State awards mineral leases to Hibtac, will extend mine life through 2026

The operation is running out of ore. Cleveland Cliffs said it needs additional leases to keep the mine and pellet plant open beyond 2026.

An industrial plant in the foreground with a water-filled mine pit in the background and a city behind that.
The Hibbing Taconite plant is shown with the city of Hibbing in the far background.
1997 file / Duluth News Tribune

DULUTH — Hibbing Taconite will have enough iron ore to continue mining and pellet operations through 2026 after Minnesota officials approved additional mineral leases Thursday.

The Minnesota Executive Council — chaired by Gov. Tim Walz and made up of the state's constitutional officers — approved new leases totaling 120 acres and amended another lease covering 40 acres.

The Minnesota Department of Natural Resources recommended the council approve issuing the leases to help extend Hibtac's life.

"There are few mineable reserves of ore remaining at the Hibbing Taconite operation. Issuance of the two new taconite iron ore mining leases will add months, not years, to Hibbing Taconite’s mine life," the DNR wrote in materials provided to the council.

It's long been expected to run out of ore by 2025 unless additional leases are obtained.


Hibtac employs more than 700 people and is a joint venture between the Iron Range's two iron ore mining companies: Cleveland Cliffs, which manages it and has 85.3% stake in it, and U.S. Steel, which has 14.7% stake.

Read more
The Minnesota Supreme Court on Tuesday declined to take up Mesabi Metallics' challenge of the DNR's decision to terminate the company's leases.
As part of the agreement, Cliffs will invest $4 billion in USW-represented facilities across the company, not just in Minnesota, over the contract's term.
The company had missed several last-chance requirements earlier this month.
The company said Walz is on board, but Walz's office said no deal was made.
Cliffs CEO Lourenco Goncalves requests negotiations with U.S. Steel to extend the mine's life.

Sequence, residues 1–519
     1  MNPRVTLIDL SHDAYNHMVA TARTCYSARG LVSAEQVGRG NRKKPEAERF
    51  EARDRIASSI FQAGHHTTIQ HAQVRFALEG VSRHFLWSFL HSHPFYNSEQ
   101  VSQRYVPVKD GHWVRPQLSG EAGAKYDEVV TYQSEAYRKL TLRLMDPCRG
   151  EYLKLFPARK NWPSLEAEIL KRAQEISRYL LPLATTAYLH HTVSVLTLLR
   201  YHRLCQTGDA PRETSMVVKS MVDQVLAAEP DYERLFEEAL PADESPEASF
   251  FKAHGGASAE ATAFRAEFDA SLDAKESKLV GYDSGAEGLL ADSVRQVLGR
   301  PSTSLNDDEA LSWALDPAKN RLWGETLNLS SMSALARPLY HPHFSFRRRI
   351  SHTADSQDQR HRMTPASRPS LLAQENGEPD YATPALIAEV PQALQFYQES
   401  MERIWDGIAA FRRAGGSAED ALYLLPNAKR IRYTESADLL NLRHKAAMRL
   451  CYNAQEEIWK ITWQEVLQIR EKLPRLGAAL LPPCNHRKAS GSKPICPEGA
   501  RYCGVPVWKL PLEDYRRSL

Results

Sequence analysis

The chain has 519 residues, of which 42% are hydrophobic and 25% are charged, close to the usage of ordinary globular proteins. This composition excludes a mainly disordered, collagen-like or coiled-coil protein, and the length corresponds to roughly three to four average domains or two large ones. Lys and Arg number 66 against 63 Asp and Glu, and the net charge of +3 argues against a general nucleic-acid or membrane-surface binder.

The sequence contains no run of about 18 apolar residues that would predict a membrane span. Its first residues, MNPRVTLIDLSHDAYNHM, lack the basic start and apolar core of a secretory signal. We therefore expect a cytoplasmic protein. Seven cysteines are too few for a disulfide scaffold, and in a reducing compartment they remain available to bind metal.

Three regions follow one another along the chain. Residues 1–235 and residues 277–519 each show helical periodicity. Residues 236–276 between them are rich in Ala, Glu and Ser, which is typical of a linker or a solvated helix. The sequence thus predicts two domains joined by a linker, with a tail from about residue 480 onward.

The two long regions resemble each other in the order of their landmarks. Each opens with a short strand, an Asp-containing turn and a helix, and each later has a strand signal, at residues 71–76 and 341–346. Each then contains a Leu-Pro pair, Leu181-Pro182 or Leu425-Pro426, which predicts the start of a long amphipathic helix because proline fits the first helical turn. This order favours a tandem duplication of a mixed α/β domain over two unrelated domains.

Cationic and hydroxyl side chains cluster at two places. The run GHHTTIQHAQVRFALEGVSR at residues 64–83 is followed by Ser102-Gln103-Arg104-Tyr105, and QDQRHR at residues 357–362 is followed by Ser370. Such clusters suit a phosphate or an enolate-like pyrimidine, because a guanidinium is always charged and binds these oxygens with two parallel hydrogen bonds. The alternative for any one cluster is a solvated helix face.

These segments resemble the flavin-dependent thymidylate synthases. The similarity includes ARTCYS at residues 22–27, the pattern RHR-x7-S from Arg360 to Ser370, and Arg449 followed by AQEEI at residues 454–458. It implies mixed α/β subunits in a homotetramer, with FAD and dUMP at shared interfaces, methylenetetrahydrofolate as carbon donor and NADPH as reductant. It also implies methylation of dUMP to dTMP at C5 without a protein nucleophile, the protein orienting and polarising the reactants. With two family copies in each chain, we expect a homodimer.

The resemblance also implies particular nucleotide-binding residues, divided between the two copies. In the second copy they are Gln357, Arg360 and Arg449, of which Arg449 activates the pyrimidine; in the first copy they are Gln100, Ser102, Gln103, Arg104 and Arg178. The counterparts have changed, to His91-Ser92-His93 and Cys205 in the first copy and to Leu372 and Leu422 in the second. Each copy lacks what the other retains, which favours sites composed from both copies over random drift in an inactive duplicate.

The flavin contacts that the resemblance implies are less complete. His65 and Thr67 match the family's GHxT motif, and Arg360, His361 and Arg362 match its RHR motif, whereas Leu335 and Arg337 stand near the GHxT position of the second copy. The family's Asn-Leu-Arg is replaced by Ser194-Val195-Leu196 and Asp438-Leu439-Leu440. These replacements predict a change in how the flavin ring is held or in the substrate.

The requests come after reports that the operations were running out of iron ore.

The leases approved Thursday will provide enough ore for Hibtac to remain open through 2026, Cliffs CEO Lourenco Goncalves said in a statement Thursday afternoon.

Its massive mine pit runs from north of Hibbing to near Keewatin. The new and amended leases are within or adjacent to the existing mine footprint.

"On behalf of our more than 2,000 employees in the state of Minnesota, we would like to thank the Minnesota Executive Council for the approval of the mineral leases that will allow Hibbing Taconite to extend operations another nine months through 2026," Goncalves said.

Cliffs has long wanted those leases. It already has the rights to some minerals there, but it said the state leases are needed to keep Hibtac open for decades.

The leases were freed up in January after a Minnesota Supreme Court upheld the DNR's decision
to terminate Mesabi Metallics control of the leases in May 2021.

"We remain confident that, once we obtain the state leases to add to Nashwauk land already controlled by Cleveland-Cliffs, we will then be able to extend the life of Hibbing Taconite for decades," Goncalves said Thursday.

The DNR is considering "credible miners" for the Nashwauk leases.


According to the Mesabi Tribune, Cliffs wants all 2,664 acres of Nashwauk leases, while a new Hibbing-based scram mining company, Scranton Holding Co., is seeking several of the same parcels.

more by jimmy lovrien
The Duluth high school closed in 2011. STC Building plans to redevelop the site into a mixed-use development.

Jimmy Lovrien covers energy, mining and the 8th Congressional District for the Duluth News Tribune. He can be reached at or 218-723-5332.
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